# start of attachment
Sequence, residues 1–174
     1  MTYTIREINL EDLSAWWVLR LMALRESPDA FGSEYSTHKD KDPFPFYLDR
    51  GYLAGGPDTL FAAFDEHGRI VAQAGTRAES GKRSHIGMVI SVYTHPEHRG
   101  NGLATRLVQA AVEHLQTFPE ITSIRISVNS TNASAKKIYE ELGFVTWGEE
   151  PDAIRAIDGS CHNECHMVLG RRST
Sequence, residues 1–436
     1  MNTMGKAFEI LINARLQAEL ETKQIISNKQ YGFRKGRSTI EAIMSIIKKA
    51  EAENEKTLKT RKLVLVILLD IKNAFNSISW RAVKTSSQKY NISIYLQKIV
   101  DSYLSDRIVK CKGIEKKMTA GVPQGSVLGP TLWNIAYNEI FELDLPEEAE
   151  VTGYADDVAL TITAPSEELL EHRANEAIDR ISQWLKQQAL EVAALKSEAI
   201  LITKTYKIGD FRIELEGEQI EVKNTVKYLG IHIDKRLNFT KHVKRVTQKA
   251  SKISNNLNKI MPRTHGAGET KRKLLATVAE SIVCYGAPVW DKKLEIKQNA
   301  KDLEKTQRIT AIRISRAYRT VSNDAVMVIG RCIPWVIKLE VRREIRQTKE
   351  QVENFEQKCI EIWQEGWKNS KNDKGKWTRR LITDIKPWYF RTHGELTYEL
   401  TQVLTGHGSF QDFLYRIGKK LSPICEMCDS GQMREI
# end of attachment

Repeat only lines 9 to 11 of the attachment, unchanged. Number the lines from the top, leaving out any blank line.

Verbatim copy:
   101  DSYLSDRIVK CKGIEKKMTA GVPQGSVLGP TLWNIAYNEI FELDLPEEAE
   151  VTGYADDVAL TITAPSEELL EHRANEAIDR ISQWLKQQAL EVAALKSEAI
   201  LITKTYKIGD FRIELEGEQI EVKNTVKYLG IHIDKRLNFT KHVKRVTQKA